Upper School history teacher Dr. John Terry was recognized for his work connecting history with gardening.
His lesson, “Gardening with the Dead: A Medieval Monastic Practicum," received an honorable mention in the 2019 Lone Medievalist Prize for Teaching competition. The Lone Medievalist is an organization that runs scholarly and pedagogical support programs for medievalists who are the only or one of a very few at their educational institution.
The lesson connected sophomore History of the Ancient World students with Walafrid Strabo’s ninth-century poem Liber de cultura hortorum––the “Book on the cultivation of gardens”––and Westminster's community garden. The project challenged students to read medieval sources on gardening, conduct research, and cultivate crops in the garden.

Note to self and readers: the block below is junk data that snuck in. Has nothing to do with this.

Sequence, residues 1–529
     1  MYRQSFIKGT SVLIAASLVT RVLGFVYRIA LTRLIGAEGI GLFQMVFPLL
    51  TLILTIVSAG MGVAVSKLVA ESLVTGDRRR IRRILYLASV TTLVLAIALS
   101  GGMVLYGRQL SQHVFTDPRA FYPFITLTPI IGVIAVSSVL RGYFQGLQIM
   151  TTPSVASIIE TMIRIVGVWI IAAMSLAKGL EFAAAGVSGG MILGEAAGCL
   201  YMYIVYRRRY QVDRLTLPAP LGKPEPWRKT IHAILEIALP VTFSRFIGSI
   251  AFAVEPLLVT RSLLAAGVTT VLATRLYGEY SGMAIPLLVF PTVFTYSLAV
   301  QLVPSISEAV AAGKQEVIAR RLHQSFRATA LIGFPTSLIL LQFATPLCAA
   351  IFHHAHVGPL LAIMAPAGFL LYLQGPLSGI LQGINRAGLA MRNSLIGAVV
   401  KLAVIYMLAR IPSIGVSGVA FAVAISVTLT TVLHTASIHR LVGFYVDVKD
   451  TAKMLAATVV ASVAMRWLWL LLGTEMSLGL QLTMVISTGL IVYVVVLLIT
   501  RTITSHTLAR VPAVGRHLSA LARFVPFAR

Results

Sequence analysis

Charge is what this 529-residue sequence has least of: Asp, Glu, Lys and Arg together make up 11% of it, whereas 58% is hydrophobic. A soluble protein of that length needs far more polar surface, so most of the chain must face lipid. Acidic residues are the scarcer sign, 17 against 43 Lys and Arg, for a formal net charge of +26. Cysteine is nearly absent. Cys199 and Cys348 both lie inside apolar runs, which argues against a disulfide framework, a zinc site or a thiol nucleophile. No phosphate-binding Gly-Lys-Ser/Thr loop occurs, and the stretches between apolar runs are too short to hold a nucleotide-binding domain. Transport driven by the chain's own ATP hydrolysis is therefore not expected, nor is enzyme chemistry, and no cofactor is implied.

Dr. Terry worked alongside Discovery teacher Emily Horne to receive a grant from the Glenn Institute to acquire period-accurate tools, seeds, and plants for the lesson and for hands-on teaching in the garden.
The lesson originated from Dr. Terry's own research on determining how people of the past made sense of nature. His article, "Æthelwulf’s De abbatibus and the Anglo-Saxon Ecological Imagination," was recently published in The Journal of Medieval and Early Modern Studies, a peer-reviewed history journal out of Duke University Press.